Red-Eye Flights and Time-Inconsistent Preferences

I will be flying to Southern California this week for the ASSA meetings, which got me thinking about red-eye flights. For those of you not in the US, red-eye flights are so named because they are overnight flights on which one typically has a hard time sleeping. It is very common for travelers flying from the West Coast to the East Coast of the United States to take red-eye — or overnight — flights, since those are typically cheaper, among other benefits.

So I have been thinking about red-eye flights. Or rather, I have been thinking about how grateful I am that my wife has decided not to book a red-eye flight on the way back from Southern California.

The existence of red-eye flights has always struck me as prima facie evidence in favor of time-inconsistent preferences, about which Wikipedia says the following:

In the context of behavioral economics, time inconsistency is related to how each different self of a decision-maker may have different preferences over current and future choices.

One common way in which selves may differ in their preferences is they may be modeled as all holding the view that now has especially high value compared to any future time. This is sometimes called the immediacy effect or temporal discounting. As a result the present self will care too much about herself and not enough about her future selves. The self control literature relies heavily on this type of time inconsistency, and it relates to a variety of topics including procrastination, addiction, efforts at weight loss, and saving for retirement.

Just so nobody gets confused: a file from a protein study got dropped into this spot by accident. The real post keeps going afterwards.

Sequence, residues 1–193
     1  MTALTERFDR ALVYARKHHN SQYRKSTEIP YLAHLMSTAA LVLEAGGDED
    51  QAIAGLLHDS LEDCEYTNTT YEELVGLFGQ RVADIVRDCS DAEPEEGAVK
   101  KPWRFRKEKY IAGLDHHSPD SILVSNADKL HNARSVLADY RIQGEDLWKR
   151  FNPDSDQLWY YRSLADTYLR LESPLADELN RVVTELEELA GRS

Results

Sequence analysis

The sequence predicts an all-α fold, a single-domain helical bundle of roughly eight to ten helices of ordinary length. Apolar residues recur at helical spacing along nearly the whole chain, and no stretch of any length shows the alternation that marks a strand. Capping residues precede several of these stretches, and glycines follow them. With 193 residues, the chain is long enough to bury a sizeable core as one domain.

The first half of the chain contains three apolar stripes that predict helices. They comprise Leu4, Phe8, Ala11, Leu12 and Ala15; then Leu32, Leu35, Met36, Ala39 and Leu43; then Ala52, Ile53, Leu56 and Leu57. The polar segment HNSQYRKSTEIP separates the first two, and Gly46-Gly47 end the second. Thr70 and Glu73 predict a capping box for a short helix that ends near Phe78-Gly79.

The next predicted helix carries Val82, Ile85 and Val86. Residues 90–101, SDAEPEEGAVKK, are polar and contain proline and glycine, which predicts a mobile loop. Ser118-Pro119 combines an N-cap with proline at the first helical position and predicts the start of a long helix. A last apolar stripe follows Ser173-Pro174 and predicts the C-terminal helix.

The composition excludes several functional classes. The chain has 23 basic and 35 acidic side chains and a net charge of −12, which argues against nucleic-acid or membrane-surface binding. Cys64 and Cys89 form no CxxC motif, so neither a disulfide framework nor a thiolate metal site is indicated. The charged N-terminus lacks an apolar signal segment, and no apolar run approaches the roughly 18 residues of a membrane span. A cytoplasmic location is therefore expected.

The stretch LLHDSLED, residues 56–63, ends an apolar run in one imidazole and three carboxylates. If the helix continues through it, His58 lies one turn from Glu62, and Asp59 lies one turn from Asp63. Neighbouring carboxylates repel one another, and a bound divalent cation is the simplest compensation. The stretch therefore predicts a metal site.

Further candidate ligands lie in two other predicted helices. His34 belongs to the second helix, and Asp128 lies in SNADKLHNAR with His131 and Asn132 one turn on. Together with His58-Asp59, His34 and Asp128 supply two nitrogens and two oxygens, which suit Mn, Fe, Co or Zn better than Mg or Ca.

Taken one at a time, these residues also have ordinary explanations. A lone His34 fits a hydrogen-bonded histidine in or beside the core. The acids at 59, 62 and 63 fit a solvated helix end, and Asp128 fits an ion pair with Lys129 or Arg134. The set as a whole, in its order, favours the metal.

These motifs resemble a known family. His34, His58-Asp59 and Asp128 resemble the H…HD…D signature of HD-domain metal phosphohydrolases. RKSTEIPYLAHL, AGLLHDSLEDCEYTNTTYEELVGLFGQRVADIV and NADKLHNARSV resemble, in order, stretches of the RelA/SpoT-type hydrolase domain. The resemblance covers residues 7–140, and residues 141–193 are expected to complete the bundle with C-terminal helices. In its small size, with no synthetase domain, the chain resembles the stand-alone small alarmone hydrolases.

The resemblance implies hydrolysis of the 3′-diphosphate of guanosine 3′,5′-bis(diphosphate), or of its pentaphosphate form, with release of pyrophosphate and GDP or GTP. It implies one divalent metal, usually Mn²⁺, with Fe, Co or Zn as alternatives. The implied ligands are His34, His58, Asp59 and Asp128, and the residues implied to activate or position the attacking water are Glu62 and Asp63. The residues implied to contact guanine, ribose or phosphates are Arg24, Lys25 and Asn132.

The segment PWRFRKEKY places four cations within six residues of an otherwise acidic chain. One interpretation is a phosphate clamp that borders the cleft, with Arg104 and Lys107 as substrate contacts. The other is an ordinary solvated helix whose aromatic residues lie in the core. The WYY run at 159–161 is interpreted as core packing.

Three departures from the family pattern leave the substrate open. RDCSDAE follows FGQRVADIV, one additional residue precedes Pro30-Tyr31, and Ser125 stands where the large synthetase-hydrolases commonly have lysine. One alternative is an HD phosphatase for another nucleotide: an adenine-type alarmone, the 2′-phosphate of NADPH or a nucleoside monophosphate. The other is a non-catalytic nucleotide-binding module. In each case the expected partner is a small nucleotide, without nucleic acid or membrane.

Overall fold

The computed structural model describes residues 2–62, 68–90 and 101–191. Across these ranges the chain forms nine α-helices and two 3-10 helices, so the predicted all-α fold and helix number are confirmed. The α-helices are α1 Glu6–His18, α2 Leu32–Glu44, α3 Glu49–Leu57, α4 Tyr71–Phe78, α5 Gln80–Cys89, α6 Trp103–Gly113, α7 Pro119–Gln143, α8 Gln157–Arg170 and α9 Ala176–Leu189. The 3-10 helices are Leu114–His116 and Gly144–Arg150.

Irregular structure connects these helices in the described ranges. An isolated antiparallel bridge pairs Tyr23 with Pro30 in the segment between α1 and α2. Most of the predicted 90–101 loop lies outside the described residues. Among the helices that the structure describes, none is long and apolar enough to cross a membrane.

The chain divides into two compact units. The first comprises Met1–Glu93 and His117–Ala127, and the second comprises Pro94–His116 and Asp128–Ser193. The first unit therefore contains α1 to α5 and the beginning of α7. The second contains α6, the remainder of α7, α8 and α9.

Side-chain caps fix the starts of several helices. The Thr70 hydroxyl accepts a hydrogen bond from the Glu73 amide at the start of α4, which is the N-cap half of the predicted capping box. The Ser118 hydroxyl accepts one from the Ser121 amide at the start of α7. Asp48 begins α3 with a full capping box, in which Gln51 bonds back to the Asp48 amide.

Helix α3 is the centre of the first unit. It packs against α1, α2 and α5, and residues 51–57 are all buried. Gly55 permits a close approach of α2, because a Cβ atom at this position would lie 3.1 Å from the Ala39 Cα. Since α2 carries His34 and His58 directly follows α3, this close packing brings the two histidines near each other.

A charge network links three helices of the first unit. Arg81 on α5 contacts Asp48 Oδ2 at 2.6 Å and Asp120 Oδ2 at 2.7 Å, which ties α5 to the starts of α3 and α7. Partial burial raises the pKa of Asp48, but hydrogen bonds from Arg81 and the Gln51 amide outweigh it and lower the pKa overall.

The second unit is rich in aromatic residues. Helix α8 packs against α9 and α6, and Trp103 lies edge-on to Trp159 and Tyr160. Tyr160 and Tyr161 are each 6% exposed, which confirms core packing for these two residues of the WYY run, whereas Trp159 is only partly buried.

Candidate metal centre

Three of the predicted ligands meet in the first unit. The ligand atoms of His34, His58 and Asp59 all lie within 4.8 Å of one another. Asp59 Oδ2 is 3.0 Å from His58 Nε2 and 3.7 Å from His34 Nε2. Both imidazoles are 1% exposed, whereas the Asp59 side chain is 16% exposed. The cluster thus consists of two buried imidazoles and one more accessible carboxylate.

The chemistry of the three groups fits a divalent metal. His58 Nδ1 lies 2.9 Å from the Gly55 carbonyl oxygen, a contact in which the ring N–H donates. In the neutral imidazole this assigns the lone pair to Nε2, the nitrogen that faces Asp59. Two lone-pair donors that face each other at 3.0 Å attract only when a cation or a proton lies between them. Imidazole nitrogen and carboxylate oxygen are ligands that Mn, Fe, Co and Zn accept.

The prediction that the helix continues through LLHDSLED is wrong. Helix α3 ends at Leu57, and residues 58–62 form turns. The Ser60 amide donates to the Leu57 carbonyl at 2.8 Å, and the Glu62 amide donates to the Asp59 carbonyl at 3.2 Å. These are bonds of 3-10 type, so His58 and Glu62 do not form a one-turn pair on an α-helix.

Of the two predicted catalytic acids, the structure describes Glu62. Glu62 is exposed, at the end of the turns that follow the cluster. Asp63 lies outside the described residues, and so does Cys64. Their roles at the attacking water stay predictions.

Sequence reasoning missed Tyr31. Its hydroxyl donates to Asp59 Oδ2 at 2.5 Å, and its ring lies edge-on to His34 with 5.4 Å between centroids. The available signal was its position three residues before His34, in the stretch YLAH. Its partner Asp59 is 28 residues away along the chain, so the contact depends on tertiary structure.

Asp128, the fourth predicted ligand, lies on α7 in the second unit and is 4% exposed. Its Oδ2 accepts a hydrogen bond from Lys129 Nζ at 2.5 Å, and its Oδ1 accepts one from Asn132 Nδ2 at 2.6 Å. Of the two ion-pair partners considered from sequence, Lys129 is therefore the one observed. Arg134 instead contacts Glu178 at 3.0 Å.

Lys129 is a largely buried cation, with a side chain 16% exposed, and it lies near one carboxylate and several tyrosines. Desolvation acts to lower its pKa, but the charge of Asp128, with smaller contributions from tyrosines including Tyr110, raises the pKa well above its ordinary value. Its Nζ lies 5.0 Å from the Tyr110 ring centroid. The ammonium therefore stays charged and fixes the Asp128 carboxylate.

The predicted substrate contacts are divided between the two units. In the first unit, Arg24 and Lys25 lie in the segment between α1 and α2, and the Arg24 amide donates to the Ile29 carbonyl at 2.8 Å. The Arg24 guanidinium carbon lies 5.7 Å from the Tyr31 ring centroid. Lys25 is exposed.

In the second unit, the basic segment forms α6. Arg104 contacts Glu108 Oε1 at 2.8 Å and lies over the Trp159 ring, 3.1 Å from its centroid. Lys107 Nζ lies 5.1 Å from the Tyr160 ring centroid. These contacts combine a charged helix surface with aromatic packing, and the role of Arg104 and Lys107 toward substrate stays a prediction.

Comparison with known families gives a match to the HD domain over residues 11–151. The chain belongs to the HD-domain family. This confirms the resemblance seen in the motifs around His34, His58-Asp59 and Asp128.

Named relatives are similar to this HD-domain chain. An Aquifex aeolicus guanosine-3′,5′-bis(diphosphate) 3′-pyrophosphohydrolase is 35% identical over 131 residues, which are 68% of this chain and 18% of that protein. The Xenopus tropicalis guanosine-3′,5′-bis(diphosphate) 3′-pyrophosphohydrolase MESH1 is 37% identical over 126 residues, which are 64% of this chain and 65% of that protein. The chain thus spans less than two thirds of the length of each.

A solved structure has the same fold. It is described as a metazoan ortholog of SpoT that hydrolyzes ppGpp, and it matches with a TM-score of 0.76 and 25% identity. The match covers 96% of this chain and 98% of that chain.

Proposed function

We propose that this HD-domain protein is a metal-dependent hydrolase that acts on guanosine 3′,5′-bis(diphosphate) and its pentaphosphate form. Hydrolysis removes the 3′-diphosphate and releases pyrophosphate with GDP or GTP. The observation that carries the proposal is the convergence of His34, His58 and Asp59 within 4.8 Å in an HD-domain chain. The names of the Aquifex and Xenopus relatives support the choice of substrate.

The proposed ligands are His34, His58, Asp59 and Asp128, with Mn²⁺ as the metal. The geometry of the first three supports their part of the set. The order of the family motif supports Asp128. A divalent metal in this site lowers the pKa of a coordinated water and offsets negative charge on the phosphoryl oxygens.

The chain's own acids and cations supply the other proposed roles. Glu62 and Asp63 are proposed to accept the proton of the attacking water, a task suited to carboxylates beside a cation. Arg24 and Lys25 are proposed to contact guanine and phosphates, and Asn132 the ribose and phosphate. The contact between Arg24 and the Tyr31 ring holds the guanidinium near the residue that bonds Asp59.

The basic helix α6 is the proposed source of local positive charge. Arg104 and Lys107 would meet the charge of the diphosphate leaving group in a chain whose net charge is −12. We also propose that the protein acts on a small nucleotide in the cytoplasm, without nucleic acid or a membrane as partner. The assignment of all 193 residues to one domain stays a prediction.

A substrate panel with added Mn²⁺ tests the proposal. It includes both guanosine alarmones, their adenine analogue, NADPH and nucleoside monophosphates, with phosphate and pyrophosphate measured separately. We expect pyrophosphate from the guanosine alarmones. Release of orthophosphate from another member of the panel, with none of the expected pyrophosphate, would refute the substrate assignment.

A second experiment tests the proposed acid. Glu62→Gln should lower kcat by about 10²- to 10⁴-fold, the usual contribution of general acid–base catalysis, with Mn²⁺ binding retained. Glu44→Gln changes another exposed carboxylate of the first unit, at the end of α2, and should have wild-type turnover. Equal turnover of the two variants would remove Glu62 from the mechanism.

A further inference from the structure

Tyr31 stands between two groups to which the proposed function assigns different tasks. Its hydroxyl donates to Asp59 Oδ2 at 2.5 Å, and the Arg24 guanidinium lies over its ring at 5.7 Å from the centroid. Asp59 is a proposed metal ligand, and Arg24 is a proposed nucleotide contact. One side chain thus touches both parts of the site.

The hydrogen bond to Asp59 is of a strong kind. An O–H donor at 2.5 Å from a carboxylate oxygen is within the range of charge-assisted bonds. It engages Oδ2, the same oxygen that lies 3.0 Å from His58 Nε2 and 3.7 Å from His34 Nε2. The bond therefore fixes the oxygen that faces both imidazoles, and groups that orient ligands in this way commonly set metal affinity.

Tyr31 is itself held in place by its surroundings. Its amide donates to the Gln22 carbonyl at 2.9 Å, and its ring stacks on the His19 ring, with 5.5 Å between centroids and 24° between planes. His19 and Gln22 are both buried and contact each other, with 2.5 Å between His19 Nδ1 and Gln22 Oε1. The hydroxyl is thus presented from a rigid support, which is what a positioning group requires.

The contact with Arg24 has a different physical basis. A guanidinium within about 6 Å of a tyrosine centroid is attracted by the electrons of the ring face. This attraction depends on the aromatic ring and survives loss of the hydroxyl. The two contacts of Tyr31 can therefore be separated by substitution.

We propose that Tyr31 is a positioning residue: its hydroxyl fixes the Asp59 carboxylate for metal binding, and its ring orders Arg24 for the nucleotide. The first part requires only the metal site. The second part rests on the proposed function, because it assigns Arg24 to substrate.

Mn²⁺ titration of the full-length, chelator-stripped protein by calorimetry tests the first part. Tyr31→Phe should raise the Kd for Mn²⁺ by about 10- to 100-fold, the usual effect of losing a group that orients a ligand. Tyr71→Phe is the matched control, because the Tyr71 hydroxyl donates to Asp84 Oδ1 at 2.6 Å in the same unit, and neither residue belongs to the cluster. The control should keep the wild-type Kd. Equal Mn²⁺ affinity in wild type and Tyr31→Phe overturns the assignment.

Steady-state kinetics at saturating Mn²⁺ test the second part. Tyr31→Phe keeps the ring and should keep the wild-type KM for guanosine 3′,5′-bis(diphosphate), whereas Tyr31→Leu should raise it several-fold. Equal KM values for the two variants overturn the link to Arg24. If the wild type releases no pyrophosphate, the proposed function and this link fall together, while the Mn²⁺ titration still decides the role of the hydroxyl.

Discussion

I have booked too many red-eye flights in the past, and my thinking has always been: “I would be sleeping during that time anyway, so I might as well not miss out on anything important during the day and fly overnight; I’ll just sleep on the plane.”

Wrong. I have a hard time sleeping on a plane even when I am extremely tired, and every time I have taken a red-eye flight, I remember thinking: “What was I thinking when I booked this ticket?”

Here’s what I was thinking: My ticket-booking self was thinking: I’ll take the red-eye flight because there is little to no opportunity cost to spending the night on a plane, and it’s cheaper than flying during the day. But my red-eye-flying self inevitably ended up loathing my ticket-booking self for so severely discounting the costs of taking a red-eye flight relative to the monetary savings realized when booking the flights.

Another great example of time-inconsistent preferences is that of Netflix queues, as studied by Milkman et al. (2009).

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